THE student population of Scotland's biggest city spend half a billion pounds in the city each year, according to new research.

Around 67,000 people –more than 11% of Glasgow's population – are enrolled in higher education in the city and the report shows students in full-time higher education each spend on average £6500 a year, with part-time students, many of whom also work, spending an average £11,000 a year.

London-based Jeremy Leach Research, commissioned by Alumno Developments, studied the impact of students on the city's economy based on data from Glasgow, Strathclyde and Caledonian universities, Glasgow School of Art and the Royal Conservatoire of Scotland.

The report says: "Although this proportion of students in the population is well below the levels for specialist university towns such at St Andrews, it is the highest level for any city with a population of over 500,000.

"There is evidence Glasgow is succeeding in retaining those who study in the city as graduates. Although only 19% of those who study in Glasgow come from the city itself, 42% of graduates settle there after they finish their studies.

"Maintaining and increasing these levels of retention of students is vital to the city's competitiveness.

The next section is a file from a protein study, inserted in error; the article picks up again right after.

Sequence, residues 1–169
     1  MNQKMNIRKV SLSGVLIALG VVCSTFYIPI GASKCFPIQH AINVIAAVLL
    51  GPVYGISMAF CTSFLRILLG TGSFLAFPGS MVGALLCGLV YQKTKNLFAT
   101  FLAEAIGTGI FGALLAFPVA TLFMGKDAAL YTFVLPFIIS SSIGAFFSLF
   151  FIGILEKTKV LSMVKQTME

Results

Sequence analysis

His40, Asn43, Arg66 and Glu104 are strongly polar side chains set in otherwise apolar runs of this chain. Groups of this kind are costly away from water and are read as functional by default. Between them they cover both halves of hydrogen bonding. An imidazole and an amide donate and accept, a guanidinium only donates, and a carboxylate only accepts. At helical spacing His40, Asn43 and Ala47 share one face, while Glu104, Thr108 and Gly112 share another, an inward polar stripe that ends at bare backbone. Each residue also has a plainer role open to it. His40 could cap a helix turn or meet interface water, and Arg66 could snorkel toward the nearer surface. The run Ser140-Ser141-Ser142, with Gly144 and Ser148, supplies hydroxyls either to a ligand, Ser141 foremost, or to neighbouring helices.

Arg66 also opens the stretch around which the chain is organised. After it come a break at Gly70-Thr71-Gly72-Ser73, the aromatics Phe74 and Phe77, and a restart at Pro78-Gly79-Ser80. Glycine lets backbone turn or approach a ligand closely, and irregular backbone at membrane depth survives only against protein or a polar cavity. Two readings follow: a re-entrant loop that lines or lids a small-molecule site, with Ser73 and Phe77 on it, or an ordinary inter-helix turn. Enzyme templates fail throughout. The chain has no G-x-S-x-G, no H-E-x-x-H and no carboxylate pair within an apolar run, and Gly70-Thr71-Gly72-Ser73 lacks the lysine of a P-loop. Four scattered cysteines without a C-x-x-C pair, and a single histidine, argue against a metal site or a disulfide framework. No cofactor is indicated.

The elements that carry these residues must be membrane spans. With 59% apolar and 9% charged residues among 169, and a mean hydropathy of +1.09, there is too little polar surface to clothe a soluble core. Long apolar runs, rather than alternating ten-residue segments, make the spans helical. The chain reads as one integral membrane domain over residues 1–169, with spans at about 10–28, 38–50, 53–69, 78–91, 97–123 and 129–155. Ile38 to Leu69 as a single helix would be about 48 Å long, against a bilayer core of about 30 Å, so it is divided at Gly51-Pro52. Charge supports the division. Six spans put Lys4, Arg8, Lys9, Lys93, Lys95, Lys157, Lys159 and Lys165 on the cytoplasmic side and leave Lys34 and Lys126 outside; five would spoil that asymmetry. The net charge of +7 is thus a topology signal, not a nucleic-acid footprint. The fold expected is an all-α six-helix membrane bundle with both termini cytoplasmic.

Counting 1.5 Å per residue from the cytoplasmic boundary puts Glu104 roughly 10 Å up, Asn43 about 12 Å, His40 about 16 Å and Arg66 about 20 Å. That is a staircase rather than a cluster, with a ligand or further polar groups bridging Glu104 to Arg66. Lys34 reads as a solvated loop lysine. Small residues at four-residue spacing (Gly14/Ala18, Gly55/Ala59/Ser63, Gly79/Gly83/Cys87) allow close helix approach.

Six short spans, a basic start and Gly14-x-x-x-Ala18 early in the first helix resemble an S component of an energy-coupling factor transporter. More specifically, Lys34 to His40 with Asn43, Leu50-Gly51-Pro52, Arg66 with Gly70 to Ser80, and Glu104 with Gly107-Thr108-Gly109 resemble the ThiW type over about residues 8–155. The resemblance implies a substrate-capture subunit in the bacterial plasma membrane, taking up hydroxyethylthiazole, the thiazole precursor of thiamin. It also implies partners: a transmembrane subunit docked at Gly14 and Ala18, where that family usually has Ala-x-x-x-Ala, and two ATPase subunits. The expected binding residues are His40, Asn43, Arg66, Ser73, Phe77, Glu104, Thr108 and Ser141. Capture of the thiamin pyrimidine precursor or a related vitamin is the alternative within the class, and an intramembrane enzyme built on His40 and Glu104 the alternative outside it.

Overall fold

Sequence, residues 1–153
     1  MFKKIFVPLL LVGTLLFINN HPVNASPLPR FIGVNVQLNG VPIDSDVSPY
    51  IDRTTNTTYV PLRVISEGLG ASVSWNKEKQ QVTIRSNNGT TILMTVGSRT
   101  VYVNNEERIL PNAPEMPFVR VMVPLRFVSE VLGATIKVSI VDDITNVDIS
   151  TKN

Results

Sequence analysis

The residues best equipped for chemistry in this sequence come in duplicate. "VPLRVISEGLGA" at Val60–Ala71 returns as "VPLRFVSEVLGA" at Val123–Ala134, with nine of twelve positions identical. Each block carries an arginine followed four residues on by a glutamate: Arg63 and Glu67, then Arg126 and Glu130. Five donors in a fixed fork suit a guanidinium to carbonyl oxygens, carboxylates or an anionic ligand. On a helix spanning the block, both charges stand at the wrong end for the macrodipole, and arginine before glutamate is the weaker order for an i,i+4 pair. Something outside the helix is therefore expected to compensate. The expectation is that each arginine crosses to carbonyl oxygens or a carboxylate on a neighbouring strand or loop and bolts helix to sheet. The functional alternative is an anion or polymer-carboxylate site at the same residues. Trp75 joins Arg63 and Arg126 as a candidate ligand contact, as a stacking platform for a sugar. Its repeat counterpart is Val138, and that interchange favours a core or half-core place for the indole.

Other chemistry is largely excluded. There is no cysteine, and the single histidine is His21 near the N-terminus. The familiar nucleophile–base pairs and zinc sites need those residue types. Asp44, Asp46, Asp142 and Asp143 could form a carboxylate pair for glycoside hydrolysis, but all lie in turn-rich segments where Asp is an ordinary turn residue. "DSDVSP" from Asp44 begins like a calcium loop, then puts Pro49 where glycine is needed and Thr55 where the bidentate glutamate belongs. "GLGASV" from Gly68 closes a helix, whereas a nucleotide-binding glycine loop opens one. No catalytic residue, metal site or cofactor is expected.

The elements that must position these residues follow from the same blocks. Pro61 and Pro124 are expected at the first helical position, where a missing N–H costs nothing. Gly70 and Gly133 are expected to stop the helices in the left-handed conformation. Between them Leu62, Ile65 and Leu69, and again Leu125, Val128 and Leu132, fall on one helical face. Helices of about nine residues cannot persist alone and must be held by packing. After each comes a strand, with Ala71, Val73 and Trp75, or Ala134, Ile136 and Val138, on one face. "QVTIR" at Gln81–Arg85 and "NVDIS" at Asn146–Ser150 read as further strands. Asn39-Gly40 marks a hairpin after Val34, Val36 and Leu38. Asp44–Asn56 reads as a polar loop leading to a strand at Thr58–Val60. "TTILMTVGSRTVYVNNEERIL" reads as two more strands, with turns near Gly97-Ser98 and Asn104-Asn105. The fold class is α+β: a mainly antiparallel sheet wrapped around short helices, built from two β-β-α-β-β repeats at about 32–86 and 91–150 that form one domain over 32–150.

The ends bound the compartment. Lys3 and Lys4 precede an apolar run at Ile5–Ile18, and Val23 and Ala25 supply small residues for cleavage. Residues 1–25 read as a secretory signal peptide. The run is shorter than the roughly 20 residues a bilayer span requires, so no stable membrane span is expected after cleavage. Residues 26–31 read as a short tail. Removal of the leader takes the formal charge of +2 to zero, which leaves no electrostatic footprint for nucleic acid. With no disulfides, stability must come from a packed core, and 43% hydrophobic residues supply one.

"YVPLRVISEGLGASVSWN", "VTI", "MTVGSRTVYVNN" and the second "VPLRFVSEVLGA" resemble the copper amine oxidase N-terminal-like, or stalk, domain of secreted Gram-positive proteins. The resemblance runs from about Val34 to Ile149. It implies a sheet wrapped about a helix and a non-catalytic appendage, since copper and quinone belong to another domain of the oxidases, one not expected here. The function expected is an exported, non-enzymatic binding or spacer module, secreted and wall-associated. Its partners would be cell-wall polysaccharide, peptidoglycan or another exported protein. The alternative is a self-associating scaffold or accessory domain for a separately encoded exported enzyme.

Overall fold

"While Glasgow still struggles with high levels of deprivation and a large pool of residents with low levels of qualifications, it is now better able to balance this with higher than average proportions of residents and workers educated to degree level."

Glasgow Chamber of Commerce chief executive Stuart Patrick said higher education was vitally important to Glasgow's economy.

David Campbell, managing director of Alumno Developments, added: "We believe by having the necessary infrastructure in place to support this process, the city will continue to thrive and benefit for the long term and it will help establish Glasgow as an attractive destination both during and after university."